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WHAT WORKS IN EDUCATION The George Lucas Educational Foundation
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Helping Students Start the Year with a Positive Mindset

Maurice Elias

Prof. of Psychology, Director, Rutgers Social-Emotional Learning Lab, Director, the Collaborative Center for Community-Based Research and Service

For students who have had trouble in school, or who have had a negative summer, it is especially important to get the school year off to a fresh start. And for all students, having a positive mindset makes learning much more likely. Here are three activities to help accomplish these goals.

Who Am I? Identity and Purpose

Now that students are back in school, it's a good time to help them refocus on learning, their strengths, and the personal and other resources that will help them succeed. Students can fill out the grid below individually, and then pair-share, discuss in small groups, and then share with the class some of their responses. (Students tend to be most comfortable sharing in large groups numbers 2, 4, and 6 below.)

You may also wish to use other creative forms of sharing such as having students create newsprints with all of their answers to each question or the top three answers to each question. Consider integrating this activity into any journal writing your students do.

  1. What motivates me?
  2. What are my best abilities?
  3. How do peers influence me?
  4. When and with whom am I at my best?
  5. Who are my best sources of help?
  6. How can I do more of what will best help me to succeed?

A Living Poll

Read each statement and have students move to a part of the room that you designate to represent each of the answers below based on their opinions. The three areas of the room are for those who believe, for a given question:

It's mostly true for me

It's partly true and not true

It's mostly not true for me

1. I used to think school was pointless. But now I think school is important and I need to learn so I can succeed.

2. I used to be violent in some situations. But now I am more peaceful and would only use violence where there is a real danger.

3. I used to think that trying does not matter. But now I believe that the more I try, the more I can succeed.

4. I used to do what would make me popular with others in school. But now do what I want and what I think is the right thing to do.

5. I used to be someone who just came to class to pass the time. But now I am someone who wants to be involved in the school and learn.

After each statement (or others that you may wish to add), ask students in each area of the room to share why they believe as they do. There is great value in students hearing peers' views about why they have turned to a more positive mindset. And it's instructive to the teacher to get a sense of students' views. Note that students may move to an area that they "think" the teacher wants them to.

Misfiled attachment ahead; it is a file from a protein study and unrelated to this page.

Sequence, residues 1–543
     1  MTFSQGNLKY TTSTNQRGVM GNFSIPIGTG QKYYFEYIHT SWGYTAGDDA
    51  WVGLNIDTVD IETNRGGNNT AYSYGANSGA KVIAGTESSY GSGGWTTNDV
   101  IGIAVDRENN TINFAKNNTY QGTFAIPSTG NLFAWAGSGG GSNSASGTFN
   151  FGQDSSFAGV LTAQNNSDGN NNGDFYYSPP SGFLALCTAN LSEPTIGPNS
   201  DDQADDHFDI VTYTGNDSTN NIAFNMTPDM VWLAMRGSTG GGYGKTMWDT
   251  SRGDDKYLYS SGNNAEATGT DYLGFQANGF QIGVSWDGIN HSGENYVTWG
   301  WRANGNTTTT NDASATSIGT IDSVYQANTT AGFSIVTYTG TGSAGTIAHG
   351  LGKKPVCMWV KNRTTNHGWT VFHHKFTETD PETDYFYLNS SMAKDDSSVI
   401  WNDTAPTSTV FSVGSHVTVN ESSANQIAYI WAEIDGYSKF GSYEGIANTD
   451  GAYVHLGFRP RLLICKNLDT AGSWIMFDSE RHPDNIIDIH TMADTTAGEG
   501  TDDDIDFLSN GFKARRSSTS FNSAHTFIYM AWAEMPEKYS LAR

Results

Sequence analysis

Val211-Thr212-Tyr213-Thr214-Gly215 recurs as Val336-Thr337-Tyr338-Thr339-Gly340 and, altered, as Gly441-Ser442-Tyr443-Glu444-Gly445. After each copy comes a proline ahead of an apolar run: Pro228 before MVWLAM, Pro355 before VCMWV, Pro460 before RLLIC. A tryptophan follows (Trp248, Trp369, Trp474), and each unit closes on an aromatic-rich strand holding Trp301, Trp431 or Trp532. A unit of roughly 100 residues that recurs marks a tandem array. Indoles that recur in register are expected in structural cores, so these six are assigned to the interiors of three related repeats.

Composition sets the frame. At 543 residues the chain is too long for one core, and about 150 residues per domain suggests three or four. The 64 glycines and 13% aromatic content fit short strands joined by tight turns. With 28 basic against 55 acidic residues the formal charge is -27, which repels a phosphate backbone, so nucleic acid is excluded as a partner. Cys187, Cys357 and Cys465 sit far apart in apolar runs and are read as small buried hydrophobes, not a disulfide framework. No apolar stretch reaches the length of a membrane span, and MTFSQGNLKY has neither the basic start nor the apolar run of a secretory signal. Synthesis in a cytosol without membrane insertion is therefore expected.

So asking them to articulate why they believe as they do is your check- and their reality check -- on whether they really do have the belief they have endorsed. You may want to end with a discussion of the challenges of sharing honest opinions.

Journaling About Beliefs and Mindset

As a supplement to the above or as an activity in its own right have students enter into their journals responses to at least one of each stem:

I used to be . . . But now I am . . .

I used to think . . . But now I think . . .

I used to do . . . But now I do . . .

There is added benefit to revisiting these activities mid-year, or even after each marking period, to see how ideas are changing (positively or negatively).

Share with us in the comments below your experiences with these activities and especially your more effective adaptations.

(4)

Maurice Elias

Prof. of Psychology, Director, Rutgers Social-Emotional Learning Lab, Director, the Collaborative Center for Community-Based Research and Service
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Comments (8)Sign in or register to postSubscribe to comments via RSS

Alex Shevrin's picture
Alex Shevrin
Teacher/leader & techie at independent, alternative, therapeutic high school

I love the idea of helping students see that their thoughts and values are changeable, things that can evolve. It's truly amazing when students and teachers can point out to each other - "Hey, that thing you thought about yourself? Actually, I see something difference." For example - I have a student whose narrative about herself goes something like: "I'm not good at school, I hate school, I'm not good at anything." At the end of last school year, we were reviewing some of her work together and I say - "You know what? You're actually an amazing scientist." We looked through teacher comments together and sure enough, positive comments about her scientific mind were all over.